CNZM, LLB (Otago)
I am: Lawyer; Sports, Tourism and Major Events CEO
I did: Law
Former-Black Cap and sports businessman Martin Snedden's University of Otago Bachelor of Laws degree connected him with a new way to think about issues and problems.
“The beauty of a law degree and actually practising law is that it teaches you a new way of thinking that enables you to identify and grapple with issues on a daily basis.”
That insight led him into the world of sports business after a decade with the Black Caps, for whom he played 25 test and 93 one-day internationals.
Since retiring from the sport, Martin has had a successful law career, headed New Zealand Cricket and then managed the successful 2011 Rugby World Cup as CEO of Rugby New Zealand 2011 Ltd.
Afterwards, he took the role of CEO of the Tourism Industry Association, and today he is the CEO of Duco Promotions Ltd, a sports event and management company.
A degree and skills in problem-solving weren’t all Martin gained from his Otago University experience, however.
In his first year he met his future wife, along with a large group of friends he still sees regularly, and he also developed a very different outlook on life.
“I’d spent all of my life until I went to Otago living in Auckland, oblivious to what life was like outside of Auckland. And so to be thrust into the middle of a student community, to suddenly come to grips with life in Dunedin itself, and the vast numbers of individuals I was rubbing shoulders with day by day, it actually influenced me considerably in my outlook in life. I think it made me a lot more open minded and tolerant and certainly reinforced the need to ensure I enjoyed myself as I walked through life.”
Martin and wife Annie, who also had a fantastic time as a student in Dunedin, wanted to give the same experience to their four children, all of whom are either alumni of Otago, or still studying there.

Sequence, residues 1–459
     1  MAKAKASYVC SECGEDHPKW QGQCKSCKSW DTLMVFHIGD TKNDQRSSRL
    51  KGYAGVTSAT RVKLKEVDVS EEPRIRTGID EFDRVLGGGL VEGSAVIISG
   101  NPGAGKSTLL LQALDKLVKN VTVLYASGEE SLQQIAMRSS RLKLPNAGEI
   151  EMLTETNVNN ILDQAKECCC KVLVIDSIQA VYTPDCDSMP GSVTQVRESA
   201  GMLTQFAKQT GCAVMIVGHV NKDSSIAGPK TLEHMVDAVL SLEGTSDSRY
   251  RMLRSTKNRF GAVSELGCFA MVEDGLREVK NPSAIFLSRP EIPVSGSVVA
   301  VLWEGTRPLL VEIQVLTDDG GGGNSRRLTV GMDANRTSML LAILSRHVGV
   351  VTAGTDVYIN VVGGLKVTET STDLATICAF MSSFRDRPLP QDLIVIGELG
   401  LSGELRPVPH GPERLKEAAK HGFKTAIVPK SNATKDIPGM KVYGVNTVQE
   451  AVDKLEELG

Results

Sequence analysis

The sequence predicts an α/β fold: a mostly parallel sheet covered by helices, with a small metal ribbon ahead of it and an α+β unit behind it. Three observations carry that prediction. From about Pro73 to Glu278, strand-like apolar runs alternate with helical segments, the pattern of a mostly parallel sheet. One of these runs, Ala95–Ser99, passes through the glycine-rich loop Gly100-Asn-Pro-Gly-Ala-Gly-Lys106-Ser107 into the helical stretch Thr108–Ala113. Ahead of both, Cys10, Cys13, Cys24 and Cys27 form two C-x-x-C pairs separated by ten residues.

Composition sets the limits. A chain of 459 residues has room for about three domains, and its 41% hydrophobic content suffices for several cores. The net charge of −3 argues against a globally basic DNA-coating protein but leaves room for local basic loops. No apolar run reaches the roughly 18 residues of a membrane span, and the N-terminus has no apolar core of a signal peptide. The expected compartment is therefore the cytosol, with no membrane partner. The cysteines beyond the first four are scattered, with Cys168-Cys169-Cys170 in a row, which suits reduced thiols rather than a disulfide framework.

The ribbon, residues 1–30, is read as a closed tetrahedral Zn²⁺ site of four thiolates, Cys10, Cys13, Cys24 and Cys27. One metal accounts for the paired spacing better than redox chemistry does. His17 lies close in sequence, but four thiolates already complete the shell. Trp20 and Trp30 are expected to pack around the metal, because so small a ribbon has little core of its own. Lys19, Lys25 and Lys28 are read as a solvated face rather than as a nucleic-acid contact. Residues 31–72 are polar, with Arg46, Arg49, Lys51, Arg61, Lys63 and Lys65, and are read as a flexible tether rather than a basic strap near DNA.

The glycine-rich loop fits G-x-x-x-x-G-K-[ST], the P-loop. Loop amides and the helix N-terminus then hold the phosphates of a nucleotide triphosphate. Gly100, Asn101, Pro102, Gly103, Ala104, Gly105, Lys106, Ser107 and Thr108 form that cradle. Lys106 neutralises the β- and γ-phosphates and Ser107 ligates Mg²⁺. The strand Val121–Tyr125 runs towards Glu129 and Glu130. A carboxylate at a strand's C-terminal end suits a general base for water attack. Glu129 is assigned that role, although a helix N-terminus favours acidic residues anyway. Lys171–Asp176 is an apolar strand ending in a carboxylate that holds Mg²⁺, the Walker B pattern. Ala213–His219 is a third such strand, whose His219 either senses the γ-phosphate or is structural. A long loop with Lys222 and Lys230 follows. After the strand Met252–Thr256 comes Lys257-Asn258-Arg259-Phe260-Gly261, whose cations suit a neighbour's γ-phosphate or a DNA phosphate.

All four children “have been gently directed by us down to Dunedin (and we’re the ones paying the bills, so they took notice)” and all of them have really loved the experience. “In lots of ways, what we’ve seen that they’ve appreciated about their time down there is exactly what we experienced, especially the friends from all over New Zealand.”
“It gave me friends everywhere, really genuine lifelong friends.” In part, Martin thinks that is because in many instances they flatted together. “So it wasn’t the sort of relationship you see in a normal university where you see people during the day and then go home at night. In Dunedin you went home and your friends went with you.”
The shared experiences extends to connections with strangers, he says. “Once you become aware that they’ve been through Otago, there’s a camaraderie, and a trust factor I think that is instantly there. I think there’s just a respect for people who’ve been through the same kind of experience you’ve had – an instant connection.”
And that’s only Otago, he says.
“It’s only in Otago that you can get the experience that I received and my wife received and my four children received. For the number of years that each of us have been at the University to be involved intimately in that student community, to make the friends we have… it’s just not possible in the bigger cities to replicate the beauty of that community connection, and to get the sorts of experiences that Otago regularly produces for those that go.”